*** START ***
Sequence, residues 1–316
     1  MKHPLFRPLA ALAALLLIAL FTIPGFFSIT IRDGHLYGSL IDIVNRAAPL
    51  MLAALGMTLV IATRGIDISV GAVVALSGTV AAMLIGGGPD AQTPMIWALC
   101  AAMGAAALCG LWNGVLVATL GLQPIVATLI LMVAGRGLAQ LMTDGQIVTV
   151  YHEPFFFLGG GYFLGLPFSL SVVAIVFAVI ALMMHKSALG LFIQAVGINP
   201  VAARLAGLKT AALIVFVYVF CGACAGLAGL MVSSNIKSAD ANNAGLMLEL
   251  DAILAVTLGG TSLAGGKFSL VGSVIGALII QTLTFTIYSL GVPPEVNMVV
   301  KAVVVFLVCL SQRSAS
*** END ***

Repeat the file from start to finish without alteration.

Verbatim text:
Sequence, residues 1–316
     1  MKHPLFRPLA ALAALLLIAL FTIPGFFSIT IRDGHLYGSL IDIVNRAAPL
    51  MLAALGMTLV IATRGIDISV GAVVALSGTV AAMLIGGGPD AQTPMIWALC
   101  AAMGAAALCG LWNGVLVATL GLQPIVATLI LMVAGRGLAQ LMTDGQIVTV
   151  YHEPFFFLGG GYFLGLPFSL SVVAIVFAVI ALMMHKSALG LFIQAVGINP
   201  VAARLAGLKT AALIVFVYVF CGACAGLAGL MVSSNIKSAD ANNAGLMLEL
   251  DAILAVTLGG TSLAGGKFSL VGSVIGALII QTLTFTIYSL GVPPEVNMVV
   301  KAVVVFLVCL SQRSAS